The greatest anthem ever sung. Well, in my opinion it was Whitney Houston's before Super Bowl XXV -- and I say that even though what we heard was recorded a couple of weeks before the game in a Los Angeles sound studio.
Jim Steeg was the NFL's senior vice president of special events and he organized all aspects of the Super Bowl for 26 years. He booked Houston for the Super Bowl, and he was still shaken up by her stunning Saturday death when we spoke Sunday.
"Last night, [wife] Jill and I sat here, totally devastated,'' Steeg said from his San Diego home. "I have Whitney's anthem on my iPod, and last night I just sat here and listened to it. I got chills. I always get chills when I hear it. That was such a special moment in my life.''
Steeg said he'd booked Houston to do the anthem three years earlier (the Redskins-Broncos Super Bowl in San Diego), but she fired her manager in December and took off on a tour of Australia. "So we got Herb Alpert,'' said Steeg.
Funny. I don't remember Herb Alpert's rendition in San Diego, but I'll never forget Houston's in Tampa.
The Gulf War was 10 days old when the Giants and Bills played. And there was major security in place for the first time at a Super Bowl. Fans were patted down before entering the stadium. Sharpshooters and SWAT teams, in plain sight, were in place on the roof of Tampa Stadium. Airspace was cleared. A stray helicopter with a photographer shooting overhead was nearly shot down before the game; the pilot claimed he didn't know anything about the airspace clearance.
"We were prepared for a possible chemical attack,'' said Steeg. "We'd bought up all the antidotes for a chemical attack that we could find, and they were stored under the stadium. After the game, we sold it off to the NBA.''
The league received a credible threat the week before the game: A police car filled with explosives would try to ram into the stadium during the game. "You hear about things like that and you go, 'Yeah, right,' '' said Steeg. "But on Friday, a police car in St. Petersburg was stolen. So that got everyone's attention. We had two Tampa police cars parked at each entrance to the [stadium] property that day. If a St. Pete police car came up, the cars were there to stop it, blocking the gates. So those cops were pretty happy when the game was over.''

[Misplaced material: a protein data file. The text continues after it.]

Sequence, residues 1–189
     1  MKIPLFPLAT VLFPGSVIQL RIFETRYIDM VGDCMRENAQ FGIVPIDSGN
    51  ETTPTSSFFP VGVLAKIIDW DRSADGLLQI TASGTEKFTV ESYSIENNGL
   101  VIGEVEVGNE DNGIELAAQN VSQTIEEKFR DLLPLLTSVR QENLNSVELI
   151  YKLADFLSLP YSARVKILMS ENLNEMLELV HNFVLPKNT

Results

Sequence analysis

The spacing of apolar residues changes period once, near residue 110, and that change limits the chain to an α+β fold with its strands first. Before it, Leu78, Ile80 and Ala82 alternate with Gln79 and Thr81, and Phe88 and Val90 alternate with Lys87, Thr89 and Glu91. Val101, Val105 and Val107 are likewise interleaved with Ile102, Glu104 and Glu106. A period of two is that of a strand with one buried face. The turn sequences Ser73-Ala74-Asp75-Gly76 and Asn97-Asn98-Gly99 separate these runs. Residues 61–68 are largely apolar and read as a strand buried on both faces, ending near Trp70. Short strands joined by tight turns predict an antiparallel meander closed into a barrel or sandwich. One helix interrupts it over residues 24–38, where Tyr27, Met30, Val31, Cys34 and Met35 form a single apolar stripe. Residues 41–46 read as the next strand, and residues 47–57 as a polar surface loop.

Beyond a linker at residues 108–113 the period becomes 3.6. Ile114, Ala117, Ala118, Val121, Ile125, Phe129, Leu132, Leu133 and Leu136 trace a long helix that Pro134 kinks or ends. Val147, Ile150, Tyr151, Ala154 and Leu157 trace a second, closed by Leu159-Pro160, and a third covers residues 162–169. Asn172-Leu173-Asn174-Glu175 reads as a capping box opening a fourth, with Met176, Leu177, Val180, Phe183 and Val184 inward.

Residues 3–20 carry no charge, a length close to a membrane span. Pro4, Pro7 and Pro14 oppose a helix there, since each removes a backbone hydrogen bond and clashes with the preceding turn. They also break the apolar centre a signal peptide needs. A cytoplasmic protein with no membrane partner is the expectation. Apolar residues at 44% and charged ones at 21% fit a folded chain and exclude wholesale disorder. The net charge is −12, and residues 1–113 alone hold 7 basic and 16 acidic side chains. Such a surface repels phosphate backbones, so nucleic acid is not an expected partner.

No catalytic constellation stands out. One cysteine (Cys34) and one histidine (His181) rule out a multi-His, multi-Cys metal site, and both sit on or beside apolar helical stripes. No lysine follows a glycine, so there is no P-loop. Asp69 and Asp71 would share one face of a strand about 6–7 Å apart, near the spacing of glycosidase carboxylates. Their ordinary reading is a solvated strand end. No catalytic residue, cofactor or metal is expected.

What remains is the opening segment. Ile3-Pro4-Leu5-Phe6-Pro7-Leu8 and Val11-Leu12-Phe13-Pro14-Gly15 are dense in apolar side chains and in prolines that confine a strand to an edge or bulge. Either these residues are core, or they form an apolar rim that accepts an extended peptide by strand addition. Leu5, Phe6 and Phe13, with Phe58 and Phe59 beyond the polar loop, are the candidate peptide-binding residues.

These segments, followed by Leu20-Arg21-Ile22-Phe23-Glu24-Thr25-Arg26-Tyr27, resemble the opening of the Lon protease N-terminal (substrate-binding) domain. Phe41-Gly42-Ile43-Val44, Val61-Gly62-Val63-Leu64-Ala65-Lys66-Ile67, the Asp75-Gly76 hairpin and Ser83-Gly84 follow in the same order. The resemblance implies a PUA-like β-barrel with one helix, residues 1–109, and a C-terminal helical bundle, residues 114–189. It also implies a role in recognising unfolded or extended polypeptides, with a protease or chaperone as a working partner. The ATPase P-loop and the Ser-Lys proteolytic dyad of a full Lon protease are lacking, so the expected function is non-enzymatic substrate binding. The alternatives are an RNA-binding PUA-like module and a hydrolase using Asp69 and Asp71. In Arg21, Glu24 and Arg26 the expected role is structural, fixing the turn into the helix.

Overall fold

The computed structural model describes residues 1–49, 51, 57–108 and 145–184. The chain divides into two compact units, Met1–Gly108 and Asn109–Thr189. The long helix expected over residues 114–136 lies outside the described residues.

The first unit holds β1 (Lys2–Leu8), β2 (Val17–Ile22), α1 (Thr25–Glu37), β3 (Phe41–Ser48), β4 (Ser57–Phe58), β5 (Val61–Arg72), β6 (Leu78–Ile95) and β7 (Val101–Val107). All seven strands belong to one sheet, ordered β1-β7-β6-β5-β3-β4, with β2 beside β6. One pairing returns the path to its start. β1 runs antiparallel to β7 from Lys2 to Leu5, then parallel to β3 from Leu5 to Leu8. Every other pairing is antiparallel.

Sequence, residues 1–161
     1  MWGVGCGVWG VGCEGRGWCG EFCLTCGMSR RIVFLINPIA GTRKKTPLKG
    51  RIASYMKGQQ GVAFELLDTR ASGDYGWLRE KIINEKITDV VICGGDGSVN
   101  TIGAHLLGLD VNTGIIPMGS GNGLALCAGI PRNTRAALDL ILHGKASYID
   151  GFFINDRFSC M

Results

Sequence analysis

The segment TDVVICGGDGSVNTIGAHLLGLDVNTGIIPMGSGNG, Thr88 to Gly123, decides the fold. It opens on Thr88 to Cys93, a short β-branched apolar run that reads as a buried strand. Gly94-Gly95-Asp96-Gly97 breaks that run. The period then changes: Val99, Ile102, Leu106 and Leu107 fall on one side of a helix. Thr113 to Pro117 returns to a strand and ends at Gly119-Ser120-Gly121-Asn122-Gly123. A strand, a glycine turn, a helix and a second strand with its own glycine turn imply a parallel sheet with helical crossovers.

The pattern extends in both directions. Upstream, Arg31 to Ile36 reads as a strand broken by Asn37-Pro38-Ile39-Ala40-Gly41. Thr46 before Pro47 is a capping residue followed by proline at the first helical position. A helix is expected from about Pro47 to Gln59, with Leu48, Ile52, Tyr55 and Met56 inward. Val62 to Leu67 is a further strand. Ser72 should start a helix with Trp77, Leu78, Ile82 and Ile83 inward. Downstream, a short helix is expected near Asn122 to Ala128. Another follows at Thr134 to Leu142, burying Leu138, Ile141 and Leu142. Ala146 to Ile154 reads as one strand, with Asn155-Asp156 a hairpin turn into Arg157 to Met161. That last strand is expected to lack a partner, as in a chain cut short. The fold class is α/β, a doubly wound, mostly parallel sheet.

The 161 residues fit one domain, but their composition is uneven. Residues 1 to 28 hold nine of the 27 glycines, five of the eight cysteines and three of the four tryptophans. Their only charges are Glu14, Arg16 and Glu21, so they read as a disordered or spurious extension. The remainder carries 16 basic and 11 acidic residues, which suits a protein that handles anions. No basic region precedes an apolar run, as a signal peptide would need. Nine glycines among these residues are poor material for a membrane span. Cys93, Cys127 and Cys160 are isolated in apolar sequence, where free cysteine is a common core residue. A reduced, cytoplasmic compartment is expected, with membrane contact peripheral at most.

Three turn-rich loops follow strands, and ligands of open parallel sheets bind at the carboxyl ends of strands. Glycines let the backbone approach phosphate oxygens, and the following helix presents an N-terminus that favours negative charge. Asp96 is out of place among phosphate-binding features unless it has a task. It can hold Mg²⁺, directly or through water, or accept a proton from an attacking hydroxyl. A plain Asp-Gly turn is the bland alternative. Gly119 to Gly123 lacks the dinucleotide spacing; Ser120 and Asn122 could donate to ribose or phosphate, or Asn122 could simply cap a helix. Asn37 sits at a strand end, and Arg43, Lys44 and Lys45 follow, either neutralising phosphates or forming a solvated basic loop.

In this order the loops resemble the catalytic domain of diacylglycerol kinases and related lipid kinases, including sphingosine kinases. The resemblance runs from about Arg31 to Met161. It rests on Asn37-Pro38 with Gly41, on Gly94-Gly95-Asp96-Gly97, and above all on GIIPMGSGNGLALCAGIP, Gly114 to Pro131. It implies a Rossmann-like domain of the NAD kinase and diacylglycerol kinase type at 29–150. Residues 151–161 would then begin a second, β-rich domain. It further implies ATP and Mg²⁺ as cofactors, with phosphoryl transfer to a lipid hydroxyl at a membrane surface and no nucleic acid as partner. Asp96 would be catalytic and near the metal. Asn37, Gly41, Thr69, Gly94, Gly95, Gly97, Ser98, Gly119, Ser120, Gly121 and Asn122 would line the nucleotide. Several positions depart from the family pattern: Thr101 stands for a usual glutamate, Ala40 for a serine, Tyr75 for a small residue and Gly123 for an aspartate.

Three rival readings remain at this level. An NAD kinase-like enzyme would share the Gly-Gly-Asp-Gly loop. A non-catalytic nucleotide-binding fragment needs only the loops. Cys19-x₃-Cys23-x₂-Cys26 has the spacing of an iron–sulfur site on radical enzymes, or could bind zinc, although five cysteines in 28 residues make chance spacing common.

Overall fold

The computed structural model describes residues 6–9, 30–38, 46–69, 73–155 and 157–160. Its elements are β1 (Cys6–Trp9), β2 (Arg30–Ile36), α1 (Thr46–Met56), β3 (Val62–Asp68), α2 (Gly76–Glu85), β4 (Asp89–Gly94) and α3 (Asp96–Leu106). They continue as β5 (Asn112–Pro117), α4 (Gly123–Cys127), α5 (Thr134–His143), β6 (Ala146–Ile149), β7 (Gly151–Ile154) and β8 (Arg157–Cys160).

Steeg cleared up a few things Sunday. First, the anthem that day was a combined affair, with the Florida Symphony Orchestra backing up Houston. The orchestra recorded the instrumentals that would go behind Houston's rendition. That tape was brought to Los Angeles, and Houston practiced a few times, then recorded the version that would be played in the stadium, the one we've heard so often over the weekend. "That isn't rare,'' he said. "I'd say about 80 percent of the anthems in my time were recorded beforehand.''
The difference with this anthem was that Houston actually sang it on the field before the game -- in front of a dead mike. "I was on the Giants sidelines, standing right behind Lawrence Taylor and Carl Banks,'' said Steeg. "I heard her. It was fabulous.''
Said Steeg: "Lip-syncing is the wrong phrase. She sang it. I heard it. And the emotion on the field when she was finished was noticeable. I saw it on the faces of the Giants. No one knew what the moment would be like, but it was emotion, and fabulous. I'll never forget Taylor saying to Banks -- you think these guys are so intent on the game right then -- but he said, 'Oh my God! Is she good-looking!' ''
Steve Tasker of the Bills was on the opposite sideline. "She hit it out of the park,'' he said. "I'm an anthem enthusiast. I like to listen to them and judge them, and there's never been one like that. I remember looking around when it was over. I looked in the stands and saw fans waving their little American flags with one hand and wiping tears away with the other. I looked over and saw Jim Kelly and Marv [Levy] wiping away tears. And I'm standing right near one of the officials that day, Larry Nemmers -- and he's wiping his eyes. Amazing.''
Lip-syncing or not, it got the crowd going. And the teams. What we heard was a recorded voice and still, after the game, I remember a couple of Giants talking about how special the moment was; players never talk about the anthem. And the next day, radio stations across the country played the anthem so much it shot up into the Billboard Top 20. Houston agreed to give all the proceeds to the American Red Cross; more than $500,000 was raised.
Whatever the method of delivering the anthem, I remember getting teary in the press box when it happened that day. And, like Steeg, I got the chills Saturday night when I YouTubed it.